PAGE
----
In the stories about the old days, Santuit Pond in Mashpee was a lush green haven, full of croaking bullfrogs and soaring eagles. As a child, Buddy Pocknett, 62, spent almost every day going to the water.
“We would scare up all the little baby fish … and just get handfuls of little sunfish and yellow perch,” he recalled.
The shallow pond — and the surrounding area — were used for thousands of years as a place for members of the Mashpee Wampanoag tribe to play, teach, bathe, hunt and conduct ceremonies.
Pocknett, a tribal elder, can still admire the beauty of the pond, but he can’t ignore what lies just beneath the surface of the water.
“The green slime right there,” he said, “shouldn't be there.”
Cyanobacteria, sometimes known as blue-green algae, can be toxic. Exposure can sicken people and kill animals. Colder winters used to help ponds freeze over, killing off most of the cyanobacteria. But those deep freezes aren’t so common anymore.
This summer, Santuit Pond has been unswimmable for five weeks, according to town officials. But the problem has persisted for decades. Pocknett said, to him, the pond is dead.
“You know, for 20-something years, I can't eat fish [from here],” he said. “That's my favorite thing to do, is catch fish.”
What’s happening at Santuit Pond is an example of a much larger problem. All over, more intense storms, rising sea levels, toxic algae blooms and other environmental crises are making it harder for tribes to practice their culture and to pass it on. And climate change is disproportionately impacting Indigenous people.
"It's taken 400 years to get to this level. Something needs to be done."Buddy Pocknett, Mashpee Wampanoag Tribe Elder
“It’s not a good thing for our deep tradition of intergenerational sharing of culture,” said Nikki Cooley, who co-manages the Tribes and Climate Change Program at the Institute for Tribal Environmental Professionals at Northern Arizona University.
The organization has helped many of the country’s 574 federally recognized tribes deal with the consequences of a warming planet.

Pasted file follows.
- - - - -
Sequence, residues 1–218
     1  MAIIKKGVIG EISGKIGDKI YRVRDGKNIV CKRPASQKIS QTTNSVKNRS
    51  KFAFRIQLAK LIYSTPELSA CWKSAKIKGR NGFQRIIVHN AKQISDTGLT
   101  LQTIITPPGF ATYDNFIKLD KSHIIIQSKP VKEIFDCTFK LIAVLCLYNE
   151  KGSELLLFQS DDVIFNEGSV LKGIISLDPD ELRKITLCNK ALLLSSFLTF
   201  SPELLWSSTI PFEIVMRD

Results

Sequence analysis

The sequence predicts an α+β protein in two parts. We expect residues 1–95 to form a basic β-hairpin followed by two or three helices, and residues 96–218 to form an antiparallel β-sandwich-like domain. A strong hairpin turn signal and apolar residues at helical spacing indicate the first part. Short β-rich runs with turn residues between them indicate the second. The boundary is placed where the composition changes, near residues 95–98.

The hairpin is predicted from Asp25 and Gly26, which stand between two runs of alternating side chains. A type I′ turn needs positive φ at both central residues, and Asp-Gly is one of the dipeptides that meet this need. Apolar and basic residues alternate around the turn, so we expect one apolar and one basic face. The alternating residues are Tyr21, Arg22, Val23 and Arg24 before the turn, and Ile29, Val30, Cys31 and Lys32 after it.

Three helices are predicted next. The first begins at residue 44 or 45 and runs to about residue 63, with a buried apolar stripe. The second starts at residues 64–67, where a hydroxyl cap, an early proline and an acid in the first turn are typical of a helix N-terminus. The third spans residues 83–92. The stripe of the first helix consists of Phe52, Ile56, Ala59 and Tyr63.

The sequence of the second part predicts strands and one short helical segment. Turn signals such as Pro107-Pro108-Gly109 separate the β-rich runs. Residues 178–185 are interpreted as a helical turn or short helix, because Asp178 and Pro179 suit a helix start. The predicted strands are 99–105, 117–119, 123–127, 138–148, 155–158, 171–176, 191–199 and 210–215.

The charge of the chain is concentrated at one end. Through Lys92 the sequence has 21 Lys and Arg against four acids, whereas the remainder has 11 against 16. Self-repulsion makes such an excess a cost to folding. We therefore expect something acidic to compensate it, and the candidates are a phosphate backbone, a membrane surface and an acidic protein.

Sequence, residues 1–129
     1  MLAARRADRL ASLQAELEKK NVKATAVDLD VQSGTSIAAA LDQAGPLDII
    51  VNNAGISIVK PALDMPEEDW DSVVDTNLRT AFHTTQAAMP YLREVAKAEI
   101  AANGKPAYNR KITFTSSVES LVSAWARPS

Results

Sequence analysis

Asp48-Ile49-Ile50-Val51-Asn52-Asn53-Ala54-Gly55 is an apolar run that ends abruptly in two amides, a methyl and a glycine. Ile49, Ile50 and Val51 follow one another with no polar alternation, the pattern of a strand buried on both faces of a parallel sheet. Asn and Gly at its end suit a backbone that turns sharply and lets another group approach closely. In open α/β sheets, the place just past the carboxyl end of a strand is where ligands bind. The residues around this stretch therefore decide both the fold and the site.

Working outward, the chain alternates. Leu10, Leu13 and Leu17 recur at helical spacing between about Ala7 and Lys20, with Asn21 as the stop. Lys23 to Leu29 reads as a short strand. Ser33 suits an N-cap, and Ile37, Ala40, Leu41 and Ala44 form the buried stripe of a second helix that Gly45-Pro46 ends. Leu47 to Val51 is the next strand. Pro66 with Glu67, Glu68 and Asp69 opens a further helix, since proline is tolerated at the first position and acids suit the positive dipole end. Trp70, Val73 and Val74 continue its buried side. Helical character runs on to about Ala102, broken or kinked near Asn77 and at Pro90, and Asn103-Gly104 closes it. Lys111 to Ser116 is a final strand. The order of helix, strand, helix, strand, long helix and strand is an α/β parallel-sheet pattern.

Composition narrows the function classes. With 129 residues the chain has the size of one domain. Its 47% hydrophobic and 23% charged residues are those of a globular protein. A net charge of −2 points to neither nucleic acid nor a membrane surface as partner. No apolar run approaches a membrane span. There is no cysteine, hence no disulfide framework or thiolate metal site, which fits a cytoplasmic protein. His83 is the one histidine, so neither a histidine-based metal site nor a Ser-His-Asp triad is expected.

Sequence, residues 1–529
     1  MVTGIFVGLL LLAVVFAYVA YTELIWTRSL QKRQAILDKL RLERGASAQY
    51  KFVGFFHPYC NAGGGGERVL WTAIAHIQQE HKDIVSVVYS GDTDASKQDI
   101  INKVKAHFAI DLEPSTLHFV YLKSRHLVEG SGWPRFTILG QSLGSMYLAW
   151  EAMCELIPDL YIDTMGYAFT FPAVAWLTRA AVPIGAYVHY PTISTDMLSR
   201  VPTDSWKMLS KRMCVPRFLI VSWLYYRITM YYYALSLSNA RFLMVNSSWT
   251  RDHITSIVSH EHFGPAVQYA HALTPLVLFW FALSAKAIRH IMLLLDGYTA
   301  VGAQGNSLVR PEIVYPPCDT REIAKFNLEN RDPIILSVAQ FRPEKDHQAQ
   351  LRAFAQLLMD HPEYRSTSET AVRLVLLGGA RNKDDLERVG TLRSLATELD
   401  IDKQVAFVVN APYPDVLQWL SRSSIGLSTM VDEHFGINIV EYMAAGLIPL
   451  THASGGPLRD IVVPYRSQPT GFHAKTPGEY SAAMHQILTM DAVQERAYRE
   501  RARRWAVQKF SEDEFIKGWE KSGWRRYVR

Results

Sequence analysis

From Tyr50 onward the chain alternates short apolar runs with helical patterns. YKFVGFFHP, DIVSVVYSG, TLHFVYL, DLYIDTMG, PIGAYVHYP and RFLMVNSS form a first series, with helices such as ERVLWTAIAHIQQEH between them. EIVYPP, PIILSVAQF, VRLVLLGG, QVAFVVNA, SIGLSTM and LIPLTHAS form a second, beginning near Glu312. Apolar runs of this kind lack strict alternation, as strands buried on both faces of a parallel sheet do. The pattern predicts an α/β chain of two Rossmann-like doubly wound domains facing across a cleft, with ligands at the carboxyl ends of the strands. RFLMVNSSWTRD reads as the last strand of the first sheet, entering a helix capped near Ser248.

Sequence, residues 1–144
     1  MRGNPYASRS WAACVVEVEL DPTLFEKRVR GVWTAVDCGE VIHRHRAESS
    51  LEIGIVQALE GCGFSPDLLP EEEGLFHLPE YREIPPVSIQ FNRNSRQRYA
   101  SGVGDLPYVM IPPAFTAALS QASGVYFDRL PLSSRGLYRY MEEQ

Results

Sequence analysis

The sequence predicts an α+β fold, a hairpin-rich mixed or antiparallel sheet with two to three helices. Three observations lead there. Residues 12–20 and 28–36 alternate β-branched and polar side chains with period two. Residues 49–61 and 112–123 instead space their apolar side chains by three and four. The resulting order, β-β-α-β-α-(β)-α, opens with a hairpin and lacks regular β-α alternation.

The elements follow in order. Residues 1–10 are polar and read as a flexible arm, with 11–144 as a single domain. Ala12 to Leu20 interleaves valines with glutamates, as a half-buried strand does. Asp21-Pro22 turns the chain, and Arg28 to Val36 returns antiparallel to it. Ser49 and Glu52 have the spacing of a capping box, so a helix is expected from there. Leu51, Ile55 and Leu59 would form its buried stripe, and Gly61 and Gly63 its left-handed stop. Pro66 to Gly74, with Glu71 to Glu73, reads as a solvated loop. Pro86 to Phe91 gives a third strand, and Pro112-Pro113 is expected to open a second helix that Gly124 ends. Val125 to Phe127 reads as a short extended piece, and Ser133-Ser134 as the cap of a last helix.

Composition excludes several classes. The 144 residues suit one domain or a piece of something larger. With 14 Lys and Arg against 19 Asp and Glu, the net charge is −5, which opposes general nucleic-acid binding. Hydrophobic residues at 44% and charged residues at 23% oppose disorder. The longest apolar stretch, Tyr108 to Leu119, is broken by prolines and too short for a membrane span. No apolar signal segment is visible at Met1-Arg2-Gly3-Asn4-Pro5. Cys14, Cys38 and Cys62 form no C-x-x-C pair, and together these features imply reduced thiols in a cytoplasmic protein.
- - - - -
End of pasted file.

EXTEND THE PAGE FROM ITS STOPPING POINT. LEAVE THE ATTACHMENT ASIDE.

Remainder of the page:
The work often takes place on reservations, land areas that are just tiny fractions of where Indigenous people used to call home.
"Especially in the northeast, Indigenous people don't have access to their traditional homelands,” Cooley said. “And they're trying to maintain that connection through their culture.”
Massachusetts and the town of Mashpee now share control of Santuit Pond. It’s 6 miles — and a few golf courses — away from reservation land that belongs to the Mashpee Wampanoag tribe. But it’s become an important place for Isaiah Peters, a 16-year-old member of the Mashpee Wampanoag tribe.
“When I was younger, I was really disconnected. And I never left the house,” he said. “And then I went outside, started learning about my culture, started using the medicinal [plants], like sassafras and everything. And then I'm starting to realize, like, we need this.”
The teen said he had a climate change awakening a few years ago. If the region’s natural resources are depleted, he thought, a non-native person can leave the region, but he and others in his tribe will forever be connected to the land, and its loss.
“What is the native person going to do? They can't leave. I mean, they can. But … your ancestors are here, your blood is here, your family's here. Everything is here,” he said. “You're going to take double the toll compared to a non-native person. You know what I mean?”
Now, Peters is leading a group of Wampanoag teenagers that’s trying to restore the area. They want to make Santuit — and other ponds — healthy again.
“When it's healthy, it's everything you need,” he said. “But right now we can't take from it. We need to give to it — more giving than taking.”
He and his friends still have hope the pond can be revived.
This story is a production of the New England News Collaborative. It was originally published by CAI.